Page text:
Where do ideas come from? How do creatives "tune in" to the world around them? What is it about an idea that a writer grabs onto and just won't let go until it's written?
Inspiration to write is one thing - how to focus that inspiration is quite another.
Do not wait for the muse
The long and the short of it is: do not wait for the right mood to sit down and scrape together some ideas.
Do not wait for the muse.
Instead, put on your "writer's cap" even when out doing regular things, like shopping or going on a hike or sipping coffee and people-watching or stuck in traffic.
What some writers do
Some doodle or sketch.
Some wonder aloud, pacing in their bedrooms.
Some make bullet lists, blazing a trail they hope their later selves can follow.
Some actually blaze new trails, getting outside to free the mind.
Open yourself up to the possibilities, and the possibilities will come rushing in.
It's most often when you're paying attention in this way that a spark will start the flame of an amazing story. Call it a spark, or an insight, or a germ - the meaning is the same.
What if ... ?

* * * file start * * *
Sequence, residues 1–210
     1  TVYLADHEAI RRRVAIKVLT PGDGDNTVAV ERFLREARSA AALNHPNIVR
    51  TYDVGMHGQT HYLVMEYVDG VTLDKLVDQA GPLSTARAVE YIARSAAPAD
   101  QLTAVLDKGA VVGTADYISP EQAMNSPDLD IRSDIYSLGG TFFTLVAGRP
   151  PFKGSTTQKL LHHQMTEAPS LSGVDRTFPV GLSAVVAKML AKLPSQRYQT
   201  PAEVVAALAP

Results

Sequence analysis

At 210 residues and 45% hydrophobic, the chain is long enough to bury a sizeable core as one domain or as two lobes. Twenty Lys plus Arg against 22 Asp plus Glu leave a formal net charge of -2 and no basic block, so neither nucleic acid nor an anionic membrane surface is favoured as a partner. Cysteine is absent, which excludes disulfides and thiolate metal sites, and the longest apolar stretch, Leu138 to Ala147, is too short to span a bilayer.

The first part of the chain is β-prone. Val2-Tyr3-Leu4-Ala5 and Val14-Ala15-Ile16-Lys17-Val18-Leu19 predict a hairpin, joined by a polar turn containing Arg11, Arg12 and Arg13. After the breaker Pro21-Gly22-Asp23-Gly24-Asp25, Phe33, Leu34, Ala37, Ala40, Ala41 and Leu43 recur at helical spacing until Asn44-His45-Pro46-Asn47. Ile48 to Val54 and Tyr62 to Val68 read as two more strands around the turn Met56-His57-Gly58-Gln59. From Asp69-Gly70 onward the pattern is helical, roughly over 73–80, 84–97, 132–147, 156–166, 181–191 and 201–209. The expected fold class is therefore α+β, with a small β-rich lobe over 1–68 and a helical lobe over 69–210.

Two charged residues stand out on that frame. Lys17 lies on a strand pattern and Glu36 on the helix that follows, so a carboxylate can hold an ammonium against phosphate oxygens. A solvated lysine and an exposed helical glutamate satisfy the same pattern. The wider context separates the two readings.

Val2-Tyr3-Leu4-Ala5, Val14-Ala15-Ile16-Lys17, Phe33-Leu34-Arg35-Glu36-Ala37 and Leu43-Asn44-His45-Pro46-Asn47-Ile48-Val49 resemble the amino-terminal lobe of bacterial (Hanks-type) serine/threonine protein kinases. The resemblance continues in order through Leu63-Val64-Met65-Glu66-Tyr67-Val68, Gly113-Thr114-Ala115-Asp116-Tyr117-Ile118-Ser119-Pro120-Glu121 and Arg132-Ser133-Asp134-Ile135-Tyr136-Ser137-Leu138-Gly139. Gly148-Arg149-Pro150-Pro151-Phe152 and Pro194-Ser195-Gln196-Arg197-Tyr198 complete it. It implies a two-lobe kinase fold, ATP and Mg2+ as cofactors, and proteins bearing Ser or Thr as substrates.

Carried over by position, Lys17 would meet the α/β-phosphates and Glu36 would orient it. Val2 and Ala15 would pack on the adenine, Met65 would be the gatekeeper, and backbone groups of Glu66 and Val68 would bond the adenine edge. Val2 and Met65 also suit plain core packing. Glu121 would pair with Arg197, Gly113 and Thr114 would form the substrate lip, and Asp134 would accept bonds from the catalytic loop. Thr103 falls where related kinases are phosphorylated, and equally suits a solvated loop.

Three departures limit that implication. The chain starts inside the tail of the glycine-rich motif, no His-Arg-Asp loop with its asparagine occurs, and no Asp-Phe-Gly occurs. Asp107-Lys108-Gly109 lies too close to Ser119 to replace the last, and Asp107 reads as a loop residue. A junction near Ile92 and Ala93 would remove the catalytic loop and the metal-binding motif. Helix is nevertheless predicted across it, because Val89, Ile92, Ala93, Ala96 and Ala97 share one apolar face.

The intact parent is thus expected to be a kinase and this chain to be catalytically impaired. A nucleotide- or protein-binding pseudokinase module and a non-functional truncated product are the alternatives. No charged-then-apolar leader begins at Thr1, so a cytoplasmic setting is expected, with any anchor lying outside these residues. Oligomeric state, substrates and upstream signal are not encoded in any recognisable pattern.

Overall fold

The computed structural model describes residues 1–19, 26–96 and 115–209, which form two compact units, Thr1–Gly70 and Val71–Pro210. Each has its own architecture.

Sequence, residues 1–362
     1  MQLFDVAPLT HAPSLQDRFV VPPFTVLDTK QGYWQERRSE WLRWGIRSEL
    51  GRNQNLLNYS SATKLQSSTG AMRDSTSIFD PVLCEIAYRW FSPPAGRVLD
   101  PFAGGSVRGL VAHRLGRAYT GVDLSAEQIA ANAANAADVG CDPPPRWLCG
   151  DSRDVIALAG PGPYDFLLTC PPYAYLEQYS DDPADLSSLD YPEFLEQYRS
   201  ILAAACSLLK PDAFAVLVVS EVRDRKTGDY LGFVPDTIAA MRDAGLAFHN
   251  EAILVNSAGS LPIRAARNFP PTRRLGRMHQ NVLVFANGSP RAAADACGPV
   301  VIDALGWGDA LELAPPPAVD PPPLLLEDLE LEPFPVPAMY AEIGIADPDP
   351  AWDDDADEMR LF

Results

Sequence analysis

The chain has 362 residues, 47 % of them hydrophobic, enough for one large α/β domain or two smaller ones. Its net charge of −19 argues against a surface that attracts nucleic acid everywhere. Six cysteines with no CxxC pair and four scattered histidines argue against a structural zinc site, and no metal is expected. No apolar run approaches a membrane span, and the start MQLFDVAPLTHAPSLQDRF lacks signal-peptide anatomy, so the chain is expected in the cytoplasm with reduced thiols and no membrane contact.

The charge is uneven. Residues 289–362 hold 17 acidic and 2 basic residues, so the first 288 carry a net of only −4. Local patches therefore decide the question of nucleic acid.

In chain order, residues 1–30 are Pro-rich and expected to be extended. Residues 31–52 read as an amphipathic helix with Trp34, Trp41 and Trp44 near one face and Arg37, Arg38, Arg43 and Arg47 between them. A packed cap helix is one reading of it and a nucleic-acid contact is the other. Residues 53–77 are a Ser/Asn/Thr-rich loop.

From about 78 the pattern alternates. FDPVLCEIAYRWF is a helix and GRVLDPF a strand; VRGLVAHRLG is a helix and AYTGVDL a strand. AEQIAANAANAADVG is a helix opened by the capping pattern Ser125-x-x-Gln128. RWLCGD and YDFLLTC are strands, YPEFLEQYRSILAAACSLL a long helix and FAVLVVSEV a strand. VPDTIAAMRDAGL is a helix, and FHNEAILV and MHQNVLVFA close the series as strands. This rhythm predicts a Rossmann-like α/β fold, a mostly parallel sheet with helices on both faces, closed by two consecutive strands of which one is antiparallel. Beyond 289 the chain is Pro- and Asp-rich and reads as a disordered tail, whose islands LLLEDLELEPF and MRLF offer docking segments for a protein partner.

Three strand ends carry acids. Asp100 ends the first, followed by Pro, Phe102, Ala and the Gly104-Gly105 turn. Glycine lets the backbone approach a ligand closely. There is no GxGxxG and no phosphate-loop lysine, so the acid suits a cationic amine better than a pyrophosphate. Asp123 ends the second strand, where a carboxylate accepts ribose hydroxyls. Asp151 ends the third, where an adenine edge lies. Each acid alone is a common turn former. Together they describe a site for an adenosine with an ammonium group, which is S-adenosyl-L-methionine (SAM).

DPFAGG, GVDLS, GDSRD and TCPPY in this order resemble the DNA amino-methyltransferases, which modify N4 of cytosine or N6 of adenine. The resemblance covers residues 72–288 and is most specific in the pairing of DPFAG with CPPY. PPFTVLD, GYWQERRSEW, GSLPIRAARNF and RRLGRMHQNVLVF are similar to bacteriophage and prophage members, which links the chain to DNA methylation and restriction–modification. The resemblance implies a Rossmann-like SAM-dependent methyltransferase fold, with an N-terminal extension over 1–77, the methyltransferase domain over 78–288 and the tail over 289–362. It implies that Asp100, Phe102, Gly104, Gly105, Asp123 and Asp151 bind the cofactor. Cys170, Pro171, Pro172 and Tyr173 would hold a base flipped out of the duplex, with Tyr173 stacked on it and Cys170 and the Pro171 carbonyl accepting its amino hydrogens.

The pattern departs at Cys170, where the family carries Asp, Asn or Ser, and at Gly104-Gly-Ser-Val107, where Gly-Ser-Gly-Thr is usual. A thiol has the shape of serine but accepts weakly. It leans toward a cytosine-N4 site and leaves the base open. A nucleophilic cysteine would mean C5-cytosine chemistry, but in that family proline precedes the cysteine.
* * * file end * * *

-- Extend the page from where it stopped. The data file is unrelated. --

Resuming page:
Playing the "what if" game is not only fun, it's a crucial part of the creative process!
What if ... the helpless-looking girl knows how to take down a man twice her size?
What if ... the moon deviated from its orbit?
What if ... the insects got organized and waged war on humanity?
"What if ... ?" is one of the writer's best tools, early on especially but also throughout a writing project.
True does not mean interesting
"It really happened that way!" and "You can't make this stuff up!" and "I swear, it's true!" are often exclaimed by those who wrote something that had an impact on them, often to a reader who suggested the story is lacking, that it lacks impact.
It's difficult to sculpt the truth into what it ought to be for the story; thus, more often than not the writer strives to be faithful to the facts at the expense of the story.
True does not mean interesting.
In Hollywood, an old but powerful mantra is "never be boring" because ultimately the reader is the final and only judge who matters.
Yet what you hope to end up with will "present truth" to those reading your work, a story that is relevant, emotional and believable - not merely factually accurate.
Then allow the germ to die
The germ is a term for that "thing" that sparks the story. That couple you passed. That phrase you overheard. That story you saw on the news.
The best germs, properly cultivated, grow into compelling stories.
But here's the thing: most often, the original idea - the germ - must be abandoned for the final story to have a chance. Hanging on to "prove" or "make work" the germ is not worth it, especially when what was born and is growing is beyond that initial spark.
In gardens, it is the initial seed that gives life to the flourishing plant - yet that seed forms no part of the final product.
As vital as the germ is for the development of the story, it is equally important to know when to let the germ die - for the sake of the greater story!